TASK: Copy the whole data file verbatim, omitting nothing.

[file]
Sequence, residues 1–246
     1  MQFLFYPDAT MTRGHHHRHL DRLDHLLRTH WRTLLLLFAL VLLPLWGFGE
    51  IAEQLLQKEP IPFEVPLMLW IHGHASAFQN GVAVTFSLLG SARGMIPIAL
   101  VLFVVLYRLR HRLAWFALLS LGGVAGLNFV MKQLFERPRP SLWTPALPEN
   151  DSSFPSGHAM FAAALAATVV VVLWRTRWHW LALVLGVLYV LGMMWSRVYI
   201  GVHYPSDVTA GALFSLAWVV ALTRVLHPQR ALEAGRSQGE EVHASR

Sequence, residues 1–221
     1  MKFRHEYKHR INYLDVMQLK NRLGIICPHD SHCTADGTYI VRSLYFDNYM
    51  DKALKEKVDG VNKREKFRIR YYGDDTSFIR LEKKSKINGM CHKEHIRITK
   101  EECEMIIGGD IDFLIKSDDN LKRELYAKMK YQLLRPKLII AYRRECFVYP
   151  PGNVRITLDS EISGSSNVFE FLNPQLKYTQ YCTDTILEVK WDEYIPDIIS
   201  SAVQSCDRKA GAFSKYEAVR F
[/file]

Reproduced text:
Sequence, residues 1–246
     1  MQFLFYPDAT MTRGHHHRHL DRLDHLLRTH WRTLLLLFAL VLLPLWGFGE
    51  IAEQLLQKEP IPFEVPLMLW IHGHASAFQN GVAVTFSLLG SARGMIPIAL
   101  VLFVVLYRLR HRLAWFALLS LGGVAGLNFV MKQLFERPRP SLWTPALPEN
   151  DSSFPSGHAM FAAALAATVV VVLWRTRWHW LALVLGVLYV LGMMWSRVYI
   201  GVHYPSDVTA GALFSLAWVV ALTRVLHPQR ALEAGRSQGE EVHASR

Sequence, residues 1–221
     1  MKFRHEYKHR INYLDVMQLK NRLGIICPHD SHCTADGTYI VRSLYFDNYM
    51  DKALKEKVDG VNKREKFRIR YYGDDTSFIR LEKKSKINGM CHKEHIRITK
   101  EECEMIIGGD IDFLIKSDDN LKRELYAKMK YQLLRPKLII AYRRECFVYP
   151  PGNVRITLDS EISGSSNVFE FLNPQLKYTQ YCTDTILEVK WDEYIPDIIS
   201  SAVQSCDRKA GAFSKYEAVR F